Thursday, April 2, 2009

Railways Act Bill 2008 - Who is winning?

The current review of the Railways Act aimed at encouraging private sector participation in the nation’s rail system is unlikely to achieve much in terms of private investment. The proposals contained in the bill are totally at odds with the original intent of the Bureau of Public Enterprise (BPE) to remove the ‘inherent conflict of interest’ in the current Railways Act 1955 - which vests regulation and provision of rail services solely on Nigeria Railway Corporation (NRC). As part of the privatization programme started by the Obasanjo regime, BPE did propose to separate the railway function into three separate entities, National Rail Development Authority; Rail Regulator, and Concessionaire (operations).

However, except for the amendment to the legislation with regards to, granting of track access to private operators through concessions, everything else in the proposed bill promotes the ‘status quo’. Although NRC will not continue to remain a monopoly service provider, it will still be solely responsible for rail development and regulation.

Under the proposed legislation, NRC will be the rail regulator, a service operator, grant concessions to private companies, retain ownership of the rail infrastructure and also be responsible for strategic rail development. This arrangement known as ‘vertical integration concession’ model, creates a conflict of interest and unlikely to yield any positive result.

What makes anyone think the NRC can perform these functions effectively considering its current deficiency in skills and history of mismanagement? How can the same organisation responsible for providing services regulate itself? Let’s assume the proposed change to the legislation achieves its objective and we have private operators competing with NRC. Are you telling me that NRC will certify its locomotives to be unsafe but certify that of its competitor to be safe? What skills does the NRC have in strategic railway planning? I think Honourable members of the Senate need to be educated in the difference between rail engineering and rail planning. You need to have identified the need for a rail line through rigorous planning techniques (demand forecasting, patronage modelling, origin/destination analysis, cost benefit analysis) before you start the ‘engineering’.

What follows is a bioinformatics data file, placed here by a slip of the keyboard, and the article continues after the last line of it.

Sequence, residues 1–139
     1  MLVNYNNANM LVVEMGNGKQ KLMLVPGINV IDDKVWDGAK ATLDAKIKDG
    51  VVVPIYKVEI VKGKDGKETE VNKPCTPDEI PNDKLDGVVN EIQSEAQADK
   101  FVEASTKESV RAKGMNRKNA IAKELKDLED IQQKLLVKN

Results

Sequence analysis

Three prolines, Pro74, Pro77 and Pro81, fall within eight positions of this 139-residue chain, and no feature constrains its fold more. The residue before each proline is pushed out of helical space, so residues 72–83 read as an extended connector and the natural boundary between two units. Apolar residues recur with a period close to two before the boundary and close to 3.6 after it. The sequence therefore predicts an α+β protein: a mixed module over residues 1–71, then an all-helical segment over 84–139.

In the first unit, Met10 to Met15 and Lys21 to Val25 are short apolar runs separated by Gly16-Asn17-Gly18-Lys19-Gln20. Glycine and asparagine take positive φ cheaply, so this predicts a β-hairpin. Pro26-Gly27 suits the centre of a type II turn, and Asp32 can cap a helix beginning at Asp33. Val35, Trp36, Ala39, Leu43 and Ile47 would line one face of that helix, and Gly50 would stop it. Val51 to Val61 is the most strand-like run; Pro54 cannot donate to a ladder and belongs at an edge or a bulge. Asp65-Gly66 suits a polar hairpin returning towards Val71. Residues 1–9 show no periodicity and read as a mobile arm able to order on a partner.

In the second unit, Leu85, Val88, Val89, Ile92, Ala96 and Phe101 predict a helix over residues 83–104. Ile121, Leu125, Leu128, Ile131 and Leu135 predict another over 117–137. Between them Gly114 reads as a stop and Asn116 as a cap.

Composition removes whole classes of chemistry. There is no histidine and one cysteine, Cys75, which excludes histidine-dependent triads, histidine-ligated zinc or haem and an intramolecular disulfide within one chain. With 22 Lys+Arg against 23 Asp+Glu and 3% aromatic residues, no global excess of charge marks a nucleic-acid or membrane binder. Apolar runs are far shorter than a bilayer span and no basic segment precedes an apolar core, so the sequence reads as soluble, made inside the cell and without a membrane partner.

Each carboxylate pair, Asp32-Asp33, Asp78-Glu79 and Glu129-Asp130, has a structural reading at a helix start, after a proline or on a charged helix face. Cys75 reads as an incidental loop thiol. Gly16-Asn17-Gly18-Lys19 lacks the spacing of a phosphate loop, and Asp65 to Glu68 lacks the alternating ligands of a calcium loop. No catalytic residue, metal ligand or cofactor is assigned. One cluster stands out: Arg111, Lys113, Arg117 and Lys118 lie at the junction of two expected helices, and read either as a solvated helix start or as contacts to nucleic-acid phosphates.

In Australia, the Queensland railway network is also managed through a ‘vertical integration concession model. Queensland Rail (govt-owned agency, similar to NRC) is responsible for the operation of services and ownership/maintenance of tracks. However, the regulation of rail services in terms of fares/subsidy and safety is undertaken by the State Government through the Department of Transport. The Dept of Transport is also responsible for all aspects of rail planning, and preservation of future rail corridors.

The Australian model is slightly different because the provision of passenger services is regulated by the state government. Whereas, passenger service operations is proposed to be deregulated in Nigeria. The Nigeria government will however need to subsidise these services because, if the actual cost is charged by the concessionaire it will be unbearable for commuters.